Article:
Honestly, I really liked these as a recovery run shoe, despite a little firmness, and may keep them in the rotation for that purpose.

JEREMY: My first run in these shoes was supposed to be 45 minutes easy for a recovery day, but about halfway in things were feeling so good I ended up going about twice as far. This shoe is built for comfort, the Zipfoam has a real bounce and the perfect balance of firmness and cushion to make each step nice and easy. This shoe is really set up to be a go-to daily trainer, from easy mileage to long runs it definitely has a place in the rotation. I’ve found myself reaching for this shoe so frequently, that I even tested it out on the trails some and it held up great through some mud, roots, and rocky portions.

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Topo Athletic Ultrafly 3 heel

The Bad

ADRIENNE: If you wanna do strides in these, just don’t. Up-tempo paces begin to get a little sloppy. That and not everyone is gonna be a fan of the way these things are shaped– but that’s the way it is. Still a touch heavy and the heel feels firmer than the forefoot. I don’t have a problem with that, but thought I’d let everyone know.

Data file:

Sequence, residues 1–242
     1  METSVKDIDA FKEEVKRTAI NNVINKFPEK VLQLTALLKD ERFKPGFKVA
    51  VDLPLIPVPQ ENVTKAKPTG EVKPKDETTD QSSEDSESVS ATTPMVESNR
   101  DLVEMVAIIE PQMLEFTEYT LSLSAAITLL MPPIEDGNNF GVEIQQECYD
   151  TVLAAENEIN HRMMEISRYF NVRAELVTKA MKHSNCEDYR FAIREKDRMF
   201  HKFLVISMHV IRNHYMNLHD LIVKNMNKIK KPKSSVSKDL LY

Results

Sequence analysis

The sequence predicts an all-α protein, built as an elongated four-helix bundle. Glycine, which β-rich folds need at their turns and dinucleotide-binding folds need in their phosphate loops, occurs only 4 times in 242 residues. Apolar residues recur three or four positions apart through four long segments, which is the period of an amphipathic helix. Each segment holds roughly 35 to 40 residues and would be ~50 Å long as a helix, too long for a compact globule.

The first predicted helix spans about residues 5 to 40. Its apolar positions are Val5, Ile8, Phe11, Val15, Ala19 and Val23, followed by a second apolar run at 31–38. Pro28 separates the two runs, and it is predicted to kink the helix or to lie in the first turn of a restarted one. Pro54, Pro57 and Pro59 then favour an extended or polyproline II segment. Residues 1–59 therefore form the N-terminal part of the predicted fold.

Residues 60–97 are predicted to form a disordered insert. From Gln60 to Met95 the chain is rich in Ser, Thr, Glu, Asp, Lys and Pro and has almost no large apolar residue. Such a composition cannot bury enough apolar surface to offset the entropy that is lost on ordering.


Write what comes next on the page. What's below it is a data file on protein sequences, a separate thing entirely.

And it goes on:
JEREMY: My main issue with this shoe, and most Topo athletic shoes in general, is that the fit can be a bit off in the heel for me. While the wider build is perfect for accommodating wider feet and allowing the toes to be free, the back portion of the shoe doesn’t fit snugly, leading to heel slippage.

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Topo Athletic Ultrafly 3 - outsole

Topo Athletic Ultrafly 3 Conclusion